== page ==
While laboratory practice standards exist to control this variability, the disparities between testing services we observed could potentially alter clinical interpretation and health care utilization. Greater transparency and evaluation of testing technologies would increase their utility in personalized health management.
It is notable that no peer-reviewed publications ever came out of Theranos.
That summer of 2016, at the annual American Association for Clinical Chemistry, the Theranos CEO Elizabeth Holmes gave a special session presentation in Philadelphia. The AACC is the trade association for clinical laboratory professionals, an appropriate venue for practical advances in the field of clinical diagnostics. Being in Atlanta myself for that particular conference as an exhibitor, the scientists who attended the Holmes’ presentation could tell me ‘she had no data to present’, and expressed lingering doubts about their underlying technology.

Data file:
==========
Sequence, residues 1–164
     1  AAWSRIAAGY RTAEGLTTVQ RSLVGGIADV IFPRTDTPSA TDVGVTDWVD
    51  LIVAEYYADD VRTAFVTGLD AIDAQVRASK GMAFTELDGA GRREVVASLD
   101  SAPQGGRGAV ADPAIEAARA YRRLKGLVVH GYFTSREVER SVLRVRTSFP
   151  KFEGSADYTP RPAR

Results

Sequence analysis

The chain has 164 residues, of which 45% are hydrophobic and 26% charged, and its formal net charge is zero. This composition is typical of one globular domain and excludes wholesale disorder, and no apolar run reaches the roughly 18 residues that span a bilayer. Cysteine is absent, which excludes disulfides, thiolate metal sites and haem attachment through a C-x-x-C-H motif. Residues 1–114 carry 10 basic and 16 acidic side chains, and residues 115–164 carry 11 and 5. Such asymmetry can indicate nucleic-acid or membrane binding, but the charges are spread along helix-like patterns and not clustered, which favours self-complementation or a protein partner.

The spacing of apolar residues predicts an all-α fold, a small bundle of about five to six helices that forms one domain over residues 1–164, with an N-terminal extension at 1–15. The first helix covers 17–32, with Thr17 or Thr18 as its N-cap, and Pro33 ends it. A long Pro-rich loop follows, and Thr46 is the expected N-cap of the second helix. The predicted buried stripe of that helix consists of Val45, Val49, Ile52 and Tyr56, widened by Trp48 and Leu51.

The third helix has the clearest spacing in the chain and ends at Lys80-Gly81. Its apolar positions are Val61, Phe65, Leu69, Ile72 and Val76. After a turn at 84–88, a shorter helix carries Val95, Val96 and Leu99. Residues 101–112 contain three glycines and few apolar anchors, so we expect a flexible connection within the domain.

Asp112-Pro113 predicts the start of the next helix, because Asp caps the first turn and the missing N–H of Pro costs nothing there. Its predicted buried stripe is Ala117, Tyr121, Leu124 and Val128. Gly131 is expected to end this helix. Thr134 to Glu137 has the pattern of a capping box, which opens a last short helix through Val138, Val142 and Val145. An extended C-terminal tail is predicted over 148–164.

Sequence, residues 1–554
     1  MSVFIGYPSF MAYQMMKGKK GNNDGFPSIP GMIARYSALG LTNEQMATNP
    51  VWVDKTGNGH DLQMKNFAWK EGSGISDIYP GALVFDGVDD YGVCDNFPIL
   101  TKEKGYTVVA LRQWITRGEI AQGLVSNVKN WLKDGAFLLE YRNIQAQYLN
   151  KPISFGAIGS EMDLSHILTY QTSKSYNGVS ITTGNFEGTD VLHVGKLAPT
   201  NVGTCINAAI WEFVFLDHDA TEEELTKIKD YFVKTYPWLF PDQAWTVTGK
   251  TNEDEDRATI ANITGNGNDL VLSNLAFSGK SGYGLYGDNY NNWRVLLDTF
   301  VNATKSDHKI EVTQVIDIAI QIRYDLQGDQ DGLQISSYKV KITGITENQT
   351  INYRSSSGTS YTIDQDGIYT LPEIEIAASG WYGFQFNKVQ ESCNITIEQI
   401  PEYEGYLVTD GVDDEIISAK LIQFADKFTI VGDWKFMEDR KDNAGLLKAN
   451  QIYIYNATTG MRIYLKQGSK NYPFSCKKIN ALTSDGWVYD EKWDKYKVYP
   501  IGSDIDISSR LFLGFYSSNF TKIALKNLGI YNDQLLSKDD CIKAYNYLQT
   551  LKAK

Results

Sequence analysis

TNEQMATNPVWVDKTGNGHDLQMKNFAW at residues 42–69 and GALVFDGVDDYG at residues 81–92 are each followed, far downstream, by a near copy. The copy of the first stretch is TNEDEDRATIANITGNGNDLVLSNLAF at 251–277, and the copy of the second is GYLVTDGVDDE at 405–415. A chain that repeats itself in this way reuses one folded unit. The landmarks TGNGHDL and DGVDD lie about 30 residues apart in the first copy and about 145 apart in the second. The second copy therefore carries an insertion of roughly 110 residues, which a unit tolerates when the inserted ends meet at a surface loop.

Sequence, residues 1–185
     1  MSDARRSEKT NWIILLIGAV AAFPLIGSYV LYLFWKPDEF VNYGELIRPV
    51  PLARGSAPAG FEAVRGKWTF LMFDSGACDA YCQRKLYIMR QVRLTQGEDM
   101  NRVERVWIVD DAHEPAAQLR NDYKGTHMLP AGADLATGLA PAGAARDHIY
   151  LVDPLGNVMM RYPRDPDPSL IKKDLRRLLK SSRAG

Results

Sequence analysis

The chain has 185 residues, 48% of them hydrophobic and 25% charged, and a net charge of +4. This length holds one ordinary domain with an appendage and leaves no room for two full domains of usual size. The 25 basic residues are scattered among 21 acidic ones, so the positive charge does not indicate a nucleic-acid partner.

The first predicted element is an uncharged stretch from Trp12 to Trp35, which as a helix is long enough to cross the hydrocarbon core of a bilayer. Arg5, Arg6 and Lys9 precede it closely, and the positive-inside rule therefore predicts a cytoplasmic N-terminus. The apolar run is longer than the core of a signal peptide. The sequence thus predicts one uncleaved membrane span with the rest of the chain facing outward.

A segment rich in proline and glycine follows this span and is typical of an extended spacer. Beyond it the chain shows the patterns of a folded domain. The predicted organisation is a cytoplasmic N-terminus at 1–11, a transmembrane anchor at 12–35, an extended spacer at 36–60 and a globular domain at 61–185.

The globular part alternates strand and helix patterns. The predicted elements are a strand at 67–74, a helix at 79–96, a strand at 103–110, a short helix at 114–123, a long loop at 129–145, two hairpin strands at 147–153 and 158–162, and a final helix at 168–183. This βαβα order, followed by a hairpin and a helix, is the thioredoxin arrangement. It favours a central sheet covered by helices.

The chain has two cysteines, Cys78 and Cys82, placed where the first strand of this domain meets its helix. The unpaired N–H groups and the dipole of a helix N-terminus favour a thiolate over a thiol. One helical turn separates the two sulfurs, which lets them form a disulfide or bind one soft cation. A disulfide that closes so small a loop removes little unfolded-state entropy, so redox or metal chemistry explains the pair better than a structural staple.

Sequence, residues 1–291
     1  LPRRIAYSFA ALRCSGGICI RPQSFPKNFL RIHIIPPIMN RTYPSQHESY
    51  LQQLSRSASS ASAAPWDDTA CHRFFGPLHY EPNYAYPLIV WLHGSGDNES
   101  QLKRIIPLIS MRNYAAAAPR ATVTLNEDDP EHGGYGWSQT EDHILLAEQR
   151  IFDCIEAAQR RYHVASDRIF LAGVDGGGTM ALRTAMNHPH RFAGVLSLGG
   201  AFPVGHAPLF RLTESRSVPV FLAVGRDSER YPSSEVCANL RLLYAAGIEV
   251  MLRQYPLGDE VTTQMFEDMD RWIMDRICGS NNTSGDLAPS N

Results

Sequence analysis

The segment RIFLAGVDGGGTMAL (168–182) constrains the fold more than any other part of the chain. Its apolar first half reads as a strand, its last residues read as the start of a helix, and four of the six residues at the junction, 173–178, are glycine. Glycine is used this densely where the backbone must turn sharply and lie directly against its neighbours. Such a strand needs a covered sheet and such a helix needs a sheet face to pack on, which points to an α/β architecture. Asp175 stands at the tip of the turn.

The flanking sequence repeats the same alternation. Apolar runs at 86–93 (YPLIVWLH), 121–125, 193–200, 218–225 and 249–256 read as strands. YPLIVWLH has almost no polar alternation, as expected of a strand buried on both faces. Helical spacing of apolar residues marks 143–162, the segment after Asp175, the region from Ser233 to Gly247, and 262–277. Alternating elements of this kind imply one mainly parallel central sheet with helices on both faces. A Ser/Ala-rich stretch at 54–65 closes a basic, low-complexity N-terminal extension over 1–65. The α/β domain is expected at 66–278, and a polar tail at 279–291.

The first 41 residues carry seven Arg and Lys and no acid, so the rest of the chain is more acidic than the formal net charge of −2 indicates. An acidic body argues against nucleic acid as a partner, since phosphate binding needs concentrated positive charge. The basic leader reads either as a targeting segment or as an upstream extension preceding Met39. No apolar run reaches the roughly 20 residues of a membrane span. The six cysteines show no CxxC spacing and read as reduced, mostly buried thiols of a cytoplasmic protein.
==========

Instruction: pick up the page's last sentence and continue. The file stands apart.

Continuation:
The Laboratory Developed Test (LDT) loophole
Theranos could get away with a poorly performing device (and running conventional laboratory tests even in a purported point-of-care environment like Walgreens) by running their own CLIA-certified laboratory with their own Laboratory Developed Test (LDT). This ‘LDT loophole’ was proposed to be regulated in 2016 under the Obama Administration, only to be deferred to the current Administration. The ABC podcast interviews a Walgreens customer, who was clearly puzzled that after going to a specific Walgreens drugstore in Palo Alto to use the Theranos technology (it was advertised in an in-store display), was asked to give blood with conventional venipuncture. Theranos was able to propagate the fraud of conventional laboratory testing by running many of its tests as an LDT, with conventional central-lab equipment.
While Theranos did get a 510(k) clearance for a single analyte (Herpes Type 1) in 2015 the FDA filed two form 483’s against the company that same year, for shipment of its collection vials (a Class II device) and for lacking an internal audit schedule for their Quality Management System (QMS).
Safe and Effective is the FDA standard